This week, I’m at IBM Interconnect 2017 and, right off the top, they made a really interesting announcement concerning Blockchain. Typically, we connect Blockchain to Bitcoin, but the digital currency may be the least interesting part of this technology that is basically designed to provide secure private transactions. The goal of this joint effort between IBM and Securekey is to turn your smartphone into the only thing you need to complete any transaction, from buying a stick of gum to financing your home. It is a showcase for something both companies have been working on called Hyperledger, and it is tied to the recent release of version 1.0 of the Hyperledger Fabric, representing its first commercial release.
Let’s talk about how this all works and why any company not participating in this Blockchain/Hyperledger revolution may quickly find its customers have gone elsewhere.
The banking and financial community has a problem. There is way too much crime consuming far too many resources, and as they attempt to make crime more difficult, they have also massively increased the pain placed on customers needing to do legitimate transactions. For example, we just finished a simple refinance (effectively just shortening the term of our loan), which should have been easy, but it took months of reports, validations and pain, all of which would have us never wishing to do this again, particularly with our bank (the same bank the initial loan was with). Making this largely automatic, without increasing the risk of theft massively, has proven problematic pre-Blockchain.
What Blockchain does is provide a system where information is contained by validators that the customer trusts and that trust the customer. These institutions know who you are and know the information that surrounds you. The entire system validates the person using the system and assures the validity of both parties in a transaction without exchanging personal information and opening either to identity theft. You get a relatively risk-free secure transaction.
The Hyperledger tracks the transaction and its elements and assures that, if there is a problem, the transaction can be reversed. The mechanism assuring this is complex; it is virtually all handled by computers, each of which is validated in the system, and the complexity is concealed from the user and vendor. A complex transaction can be concluded in moments and since the identities of the parties are fully validated, this has the added benefit of complying with anti-money laundering laws as well which, coupled with the reduction in theft and potential increase in customer satisfaction as a result of using Hyperledger and Blockchain technology, should help fuel adoption at a very high level once in production. (Currently this is in trial but parties are expected to release this before the end of 2017.)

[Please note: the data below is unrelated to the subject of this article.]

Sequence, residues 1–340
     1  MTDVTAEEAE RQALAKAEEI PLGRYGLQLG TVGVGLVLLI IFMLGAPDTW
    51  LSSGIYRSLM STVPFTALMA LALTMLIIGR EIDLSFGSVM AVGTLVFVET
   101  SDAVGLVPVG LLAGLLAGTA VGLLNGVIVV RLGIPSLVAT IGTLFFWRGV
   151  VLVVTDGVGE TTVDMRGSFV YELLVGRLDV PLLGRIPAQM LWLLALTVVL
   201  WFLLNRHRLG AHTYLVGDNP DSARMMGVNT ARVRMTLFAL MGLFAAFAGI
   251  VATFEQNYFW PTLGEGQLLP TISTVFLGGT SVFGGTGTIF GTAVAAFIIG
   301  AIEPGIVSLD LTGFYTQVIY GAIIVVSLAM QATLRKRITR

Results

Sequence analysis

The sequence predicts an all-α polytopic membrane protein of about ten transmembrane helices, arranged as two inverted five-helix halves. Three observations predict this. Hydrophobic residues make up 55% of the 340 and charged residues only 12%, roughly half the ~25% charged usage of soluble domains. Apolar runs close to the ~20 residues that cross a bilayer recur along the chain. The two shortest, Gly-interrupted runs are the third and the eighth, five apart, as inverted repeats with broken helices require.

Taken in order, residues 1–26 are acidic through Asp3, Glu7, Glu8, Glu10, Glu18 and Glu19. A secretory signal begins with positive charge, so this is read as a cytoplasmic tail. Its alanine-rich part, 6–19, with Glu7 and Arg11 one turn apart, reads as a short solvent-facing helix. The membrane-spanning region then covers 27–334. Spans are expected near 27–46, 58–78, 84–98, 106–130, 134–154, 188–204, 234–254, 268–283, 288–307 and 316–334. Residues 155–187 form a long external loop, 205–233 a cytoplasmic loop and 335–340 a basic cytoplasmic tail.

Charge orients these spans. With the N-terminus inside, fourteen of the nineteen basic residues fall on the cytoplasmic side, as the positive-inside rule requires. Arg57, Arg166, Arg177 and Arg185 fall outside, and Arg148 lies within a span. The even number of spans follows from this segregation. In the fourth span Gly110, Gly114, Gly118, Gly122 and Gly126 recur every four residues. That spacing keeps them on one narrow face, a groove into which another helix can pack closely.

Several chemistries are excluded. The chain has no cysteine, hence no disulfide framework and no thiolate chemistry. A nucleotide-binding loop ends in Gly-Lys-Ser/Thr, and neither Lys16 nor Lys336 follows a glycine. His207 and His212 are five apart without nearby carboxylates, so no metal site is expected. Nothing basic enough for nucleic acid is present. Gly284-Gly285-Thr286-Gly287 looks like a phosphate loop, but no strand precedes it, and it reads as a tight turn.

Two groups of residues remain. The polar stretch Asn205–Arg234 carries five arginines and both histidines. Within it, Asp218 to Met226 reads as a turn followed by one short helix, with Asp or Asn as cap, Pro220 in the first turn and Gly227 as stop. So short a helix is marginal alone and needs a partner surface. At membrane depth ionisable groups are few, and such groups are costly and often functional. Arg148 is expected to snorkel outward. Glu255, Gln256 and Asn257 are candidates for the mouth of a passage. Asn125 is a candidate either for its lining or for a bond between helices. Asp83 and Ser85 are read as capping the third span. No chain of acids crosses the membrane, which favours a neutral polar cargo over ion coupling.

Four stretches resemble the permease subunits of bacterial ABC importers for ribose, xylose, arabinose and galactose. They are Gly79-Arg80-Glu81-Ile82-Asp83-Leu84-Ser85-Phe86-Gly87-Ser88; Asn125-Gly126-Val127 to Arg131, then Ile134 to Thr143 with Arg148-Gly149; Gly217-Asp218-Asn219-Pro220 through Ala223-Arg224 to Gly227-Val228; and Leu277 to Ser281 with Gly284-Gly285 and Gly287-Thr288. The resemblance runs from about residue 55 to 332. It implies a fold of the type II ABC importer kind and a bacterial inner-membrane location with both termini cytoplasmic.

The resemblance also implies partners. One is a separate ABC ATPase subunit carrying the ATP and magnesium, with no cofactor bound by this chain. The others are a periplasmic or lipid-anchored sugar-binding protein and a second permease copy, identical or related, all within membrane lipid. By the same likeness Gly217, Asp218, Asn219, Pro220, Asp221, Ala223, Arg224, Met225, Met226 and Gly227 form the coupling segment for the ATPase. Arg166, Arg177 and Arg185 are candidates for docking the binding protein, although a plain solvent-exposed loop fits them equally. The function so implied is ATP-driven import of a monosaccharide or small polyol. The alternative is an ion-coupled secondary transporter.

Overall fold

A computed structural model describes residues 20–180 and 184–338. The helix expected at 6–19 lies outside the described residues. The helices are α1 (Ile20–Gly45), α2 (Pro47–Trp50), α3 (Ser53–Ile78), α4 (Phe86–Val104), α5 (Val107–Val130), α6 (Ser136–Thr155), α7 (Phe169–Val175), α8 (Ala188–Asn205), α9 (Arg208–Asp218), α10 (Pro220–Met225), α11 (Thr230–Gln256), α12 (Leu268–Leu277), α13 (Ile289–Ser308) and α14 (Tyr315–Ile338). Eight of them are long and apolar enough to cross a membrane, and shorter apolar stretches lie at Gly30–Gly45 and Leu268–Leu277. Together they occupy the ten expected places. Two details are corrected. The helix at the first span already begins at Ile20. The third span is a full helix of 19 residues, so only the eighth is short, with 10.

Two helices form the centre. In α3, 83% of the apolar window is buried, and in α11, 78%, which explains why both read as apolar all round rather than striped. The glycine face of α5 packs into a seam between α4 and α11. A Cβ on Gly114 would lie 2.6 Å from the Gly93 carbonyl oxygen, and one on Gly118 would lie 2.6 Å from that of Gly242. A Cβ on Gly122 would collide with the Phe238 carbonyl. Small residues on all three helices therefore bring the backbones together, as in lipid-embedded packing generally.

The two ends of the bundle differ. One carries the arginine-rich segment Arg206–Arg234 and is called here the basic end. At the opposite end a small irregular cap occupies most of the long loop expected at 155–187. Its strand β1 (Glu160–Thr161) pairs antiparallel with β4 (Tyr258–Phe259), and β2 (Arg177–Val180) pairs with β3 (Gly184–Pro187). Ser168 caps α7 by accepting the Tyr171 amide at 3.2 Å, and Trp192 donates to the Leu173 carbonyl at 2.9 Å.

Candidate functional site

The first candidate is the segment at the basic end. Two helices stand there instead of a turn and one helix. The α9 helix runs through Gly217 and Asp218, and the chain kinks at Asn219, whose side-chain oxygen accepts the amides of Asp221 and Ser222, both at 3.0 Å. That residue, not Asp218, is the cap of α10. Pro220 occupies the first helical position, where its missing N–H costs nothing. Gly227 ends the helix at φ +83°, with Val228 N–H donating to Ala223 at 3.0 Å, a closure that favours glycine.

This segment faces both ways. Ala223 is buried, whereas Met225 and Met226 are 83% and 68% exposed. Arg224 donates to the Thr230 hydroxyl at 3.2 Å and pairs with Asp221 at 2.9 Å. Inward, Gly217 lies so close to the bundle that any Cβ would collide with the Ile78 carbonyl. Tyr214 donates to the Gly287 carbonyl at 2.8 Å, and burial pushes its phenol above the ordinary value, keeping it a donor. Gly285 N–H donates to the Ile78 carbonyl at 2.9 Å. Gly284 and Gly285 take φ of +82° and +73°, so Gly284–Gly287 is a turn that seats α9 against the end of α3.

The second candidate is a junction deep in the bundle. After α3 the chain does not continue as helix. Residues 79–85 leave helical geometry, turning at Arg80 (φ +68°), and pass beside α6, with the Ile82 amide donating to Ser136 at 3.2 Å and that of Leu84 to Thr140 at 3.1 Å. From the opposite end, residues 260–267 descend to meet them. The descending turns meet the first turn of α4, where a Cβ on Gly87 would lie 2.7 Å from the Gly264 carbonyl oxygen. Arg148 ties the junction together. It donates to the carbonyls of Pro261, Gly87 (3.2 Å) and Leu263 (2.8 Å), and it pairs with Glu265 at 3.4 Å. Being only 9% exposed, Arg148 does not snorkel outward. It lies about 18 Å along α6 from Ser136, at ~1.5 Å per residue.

Classes of Information
What is also interesting in this coming information is the broad classes of information that can be validated. This can range from health and medical information (assuring prescription accuracy), to clothing sizes, preferences, and even the kind of car you drive. Really, there is no limitation and this would assure that you get the right meds, clothing that fits (granted, there will need to be an automatic mechanism to adjust for growth), and parts that actually fit your car. A side benefit could be never having to return something because it is the wrong color or size.
The solution the two vendors are showcasing surrounds a smartphone app, which the user uses to manage the exchange of information. In the secure app is the information that defines them and then they choose when to share that information with a vendor, government agency, etc. The agency then uses the agreed-on validators to assure the user is who they say they are and that the information is accurate, a process that takes moments. If the process completes successfully, the transaction is approved. You get a transaction that is credit card easy but without the risks currently associated with credit cards, and a potential breadth of transaction types that credit cards simply can’t touch.
Wrapping Up: A Revolution?
I don’t think many of us considered the kind of revolution that Bitcoin was going to create even in areas that don’t currently use Bitcoin. This innovative use of Blockchain could do some rather fascinating things to how we do transactions. Even things like paying taxes or voting could eventually be dramatically changed, because at the heart of this is a validated identity and once you can assure a person is who they say they are with a very high degree of accuracy, there are few limitations to the kinds of transactions you can use the related technology to accomplish. Both IBM and Securekey want to be at the heart of what could become a revolution not just in how we do business but how we relate to everything, and open the door to a level of change we can’t yet imagine. Now, that’s a hell of a way to start off IBM Interconnect.
Rob Enderle is President and Principal Analyst of the Enderle Group, a forward-looking emerging technology advisory firm. With over 30 years’ experience in emerging technologies, he has provided regional and global companies with guidance in how to better target customer needs; create new business opportunities; anticipate technology changes; select vendors and products; and present their products in the best possible light. Rob covers the technology industry broadly. Before founding the Enderle Group, Rob was the Senior Research Fellow for Forrester Research and the Giga Information Group, and held senior positions at IBM and ROLM. Follow Rob on Twitter @enderle, on Facebook and on Google+